Caper - A Desert Beauty

caper-discriptionCaper is an evergreen shrub that originated in the Middle East. It can be found in some weird places though. It has grown over ancient ruins of city walls to growing up the sides of modern day buildings.

The first recorded use of the Caper bush was for medicinal purposes back in 2000 BC. It is still used today for medical reasons as well as a cooking condiment! If you are looking for a shrub to plant in your garden that likes to cling to stone and has beautiful flowers with a purpose, the Caper bush might be right for you!






  • Varietiescaper-varieties

    Capparis spinosa

    This is a tender evergreen shrub that grows up to 4 feet tall and 4 and a half feet wide. Masses of green buds can be harvested or let grow to become white four-petalled flowers with long pink and purple stamens. These flowers will stick around from early summer until fall. The leaves are an oval shape of mid-green and light brown colors. These leaves grow on long stems that have been recorded up to 4 and a half feet long. This bush has two very sharp spines at the base of its leafs.

    Capparis spinosa inermis

    This variation of caper is the spineless caper. It is just like the Caper but without the two sharp spines at the base of its leaves.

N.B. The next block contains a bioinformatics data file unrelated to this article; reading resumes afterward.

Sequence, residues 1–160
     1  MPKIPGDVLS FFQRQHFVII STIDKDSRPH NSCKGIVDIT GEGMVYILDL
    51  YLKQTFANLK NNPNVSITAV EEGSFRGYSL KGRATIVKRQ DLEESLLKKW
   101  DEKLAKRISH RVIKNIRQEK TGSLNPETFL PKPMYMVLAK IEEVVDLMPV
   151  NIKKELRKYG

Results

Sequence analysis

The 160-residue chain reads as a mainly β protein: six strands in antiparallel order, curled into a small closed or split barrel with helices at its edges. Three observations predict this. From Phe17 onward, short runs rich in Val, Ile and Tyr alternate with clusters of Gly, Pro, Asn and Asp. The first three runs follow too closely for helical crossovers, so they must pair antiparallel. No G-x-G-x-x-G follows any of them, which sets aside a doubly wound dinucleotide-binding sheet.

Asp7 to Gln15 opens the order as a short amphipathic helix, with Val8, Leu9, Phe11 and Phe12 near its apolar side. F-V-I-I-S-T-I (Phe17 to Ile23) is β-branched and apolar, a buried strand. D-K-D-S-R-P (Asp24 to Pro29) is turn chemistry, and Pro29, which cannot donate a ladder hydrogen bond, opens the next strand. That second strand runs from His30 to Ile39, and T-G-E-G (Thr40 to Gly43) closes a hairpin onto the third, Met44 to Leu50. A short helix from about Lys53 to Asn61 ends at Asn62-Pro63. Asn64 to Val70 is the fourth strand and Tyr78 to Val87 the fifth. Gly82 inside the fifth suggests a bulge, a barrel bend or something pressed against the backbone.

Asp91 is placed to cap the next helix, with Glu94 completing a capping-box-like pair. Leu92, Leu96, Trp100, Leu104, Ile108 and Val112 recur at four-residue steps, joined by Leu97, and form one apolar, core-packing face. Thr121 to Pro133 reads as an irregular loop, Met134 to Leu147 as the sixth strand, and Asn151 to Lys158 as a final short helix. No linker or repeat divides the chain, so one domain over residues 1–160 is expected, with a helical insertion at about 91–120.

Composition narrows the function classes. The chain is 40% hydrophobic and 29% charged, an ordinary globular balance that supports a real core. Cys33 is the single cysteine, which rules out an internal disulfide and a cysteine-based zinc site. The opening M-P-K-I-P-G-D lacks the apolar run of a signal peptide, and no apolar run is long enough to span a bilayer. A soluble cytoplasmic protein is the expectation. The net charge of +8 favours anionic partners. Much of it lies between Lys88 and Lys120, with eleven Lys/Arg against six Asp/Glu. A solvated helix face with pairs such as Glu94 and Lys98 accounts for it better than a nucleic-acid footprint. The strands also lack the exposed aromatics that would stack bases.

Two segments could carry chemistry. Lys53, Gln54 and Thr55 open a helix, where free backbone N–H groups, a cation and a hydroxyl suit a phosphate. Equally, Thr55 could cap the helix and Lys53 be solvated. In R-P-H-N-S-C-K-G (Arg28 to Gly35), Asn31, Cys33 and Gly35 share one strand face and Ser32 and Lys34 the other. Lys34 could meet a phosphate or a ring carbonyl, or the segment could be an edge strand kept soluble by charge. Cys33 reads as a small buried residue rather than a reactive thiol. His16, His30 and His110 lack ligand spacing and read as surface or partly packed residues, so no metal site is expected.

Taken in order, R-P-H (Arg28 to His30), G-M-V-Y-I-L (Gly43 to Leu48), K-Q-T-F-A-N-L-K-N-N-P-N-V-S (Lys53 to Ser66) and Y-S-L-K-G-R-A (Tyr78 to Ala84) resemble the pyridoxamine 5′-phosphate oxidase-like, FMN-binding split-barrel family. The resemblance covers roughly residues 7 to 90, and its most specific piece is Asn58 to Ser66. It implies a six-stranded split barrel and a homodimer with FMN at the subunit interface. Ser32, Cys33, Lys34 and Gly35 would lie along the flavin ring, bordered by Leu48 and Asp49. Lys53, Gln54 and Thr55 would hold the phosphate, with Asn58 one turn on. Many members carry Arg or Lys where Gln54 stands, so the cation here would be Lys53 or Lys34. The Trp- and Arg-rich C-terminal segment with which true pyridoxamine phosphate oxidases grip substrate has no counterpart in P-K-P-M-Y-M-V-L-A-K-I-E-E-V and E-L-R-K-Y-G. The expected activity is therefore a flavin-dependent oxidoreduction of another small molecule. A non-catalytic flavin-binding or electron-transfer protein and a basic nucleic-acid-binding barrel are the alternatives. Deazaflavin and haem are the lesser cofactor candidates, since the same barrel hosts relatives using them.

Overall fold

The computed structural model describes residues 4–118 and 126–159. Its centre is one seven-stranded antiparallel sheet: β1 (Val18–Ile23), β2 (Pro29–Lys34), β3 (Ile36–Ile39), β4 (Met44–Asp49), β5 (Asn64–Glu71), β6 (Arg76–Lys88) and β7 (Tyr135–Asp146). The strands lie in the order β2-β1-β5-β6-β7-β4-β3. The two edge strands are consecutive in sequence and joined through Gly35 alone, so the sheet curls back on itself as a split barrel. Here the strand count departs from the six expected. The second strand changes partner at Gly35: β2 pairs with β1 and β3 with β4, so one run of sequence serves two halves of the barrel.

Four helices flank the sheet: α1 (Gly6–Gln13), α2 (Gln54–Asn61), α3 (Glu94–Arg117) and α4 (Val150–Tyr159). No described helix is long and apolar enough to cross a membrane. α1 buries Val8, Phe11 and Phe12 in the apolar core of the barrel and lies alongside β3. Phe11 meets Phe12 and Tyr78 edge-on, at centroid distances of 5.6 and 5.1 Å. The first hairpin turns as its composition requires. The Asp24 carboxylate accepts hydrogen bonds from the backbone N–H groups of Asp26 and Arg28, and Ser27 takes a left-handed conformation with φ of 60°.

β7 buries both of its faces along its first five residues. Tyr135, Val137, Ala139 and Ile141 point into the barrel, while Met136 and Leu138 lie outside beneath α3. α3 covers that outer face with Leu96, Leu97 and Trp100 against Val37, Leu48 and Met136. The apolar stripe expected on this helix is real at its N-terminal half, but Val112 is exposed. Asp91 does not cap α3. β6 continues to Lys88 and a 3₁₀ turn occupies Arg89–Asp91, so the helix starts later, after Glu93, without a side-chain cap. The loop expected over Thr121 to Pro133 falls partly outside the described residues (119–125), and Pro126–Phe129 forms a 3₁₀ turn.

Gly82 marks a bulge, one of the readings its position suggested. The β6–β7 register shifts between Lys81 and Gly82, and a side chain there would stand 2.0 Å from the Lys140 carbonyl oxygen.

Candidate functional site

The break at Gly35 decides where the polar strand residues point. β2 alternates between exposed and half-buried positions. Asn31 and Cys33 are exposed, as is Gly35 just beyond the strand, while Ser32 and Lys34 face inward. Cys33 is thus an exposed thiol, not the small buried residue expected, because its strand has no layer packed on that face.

• Cultivationcaper-cultivation

    Caper seends are tiny and take a long time to grow into transplantable seedlings. If the seeds dry, they become dormant and require a bit more time to germinate so be patient. Immerse the dried seeds in hot water (105 degrees), and let them soak for a day.Remove the seeds and place them on a damp white towel. Then you may put them into a sealed container and keep refrigerated for 2-3 months. Soak seeds again in warm water overnight and then sow into trays. Use a seed compost mix with perlite. Keep above 50 degrees. Plants raised from seeds will not flower for 4 to 5 years. It is best to raise plants from cuttings off of new spring growth.

  • Growing in a containercaper-growing

    If you plan to grow in a pot, I would advise you to grow the spineless variant of the species. Prune the plant in the fall and it will look wonderful. Use loam compost mixed with horticultural grit.




  • Culinarycaper-culinary

    The bright green tightly closed flower buds are editable, but they don’t taste too good fresh. If you want to raise them to eat, you need to pickle them. To do this, first remove the stems and place them on a plate covered in sea salt. Shake them around a few times for a couple days. Rinse them off in running water and then pack them into a jar. Add a few fennel seeds and immature flowers , then fill jar with white wine vinegar, and seal. In a month they will be ready to go!



  • Medicinalcaper-medical

    The parts of this plant that are used for medicinal purposes are the bark from the roots and the flower buds.

    The roots:

  • Insanity
  • Snake bites
  • Chest pain
  • Jaundice
  • Malaria

    The buds:

  • Coughs

Want this plant in your own garden? – Caper Seeds – 50 Seeds for under 5 bucks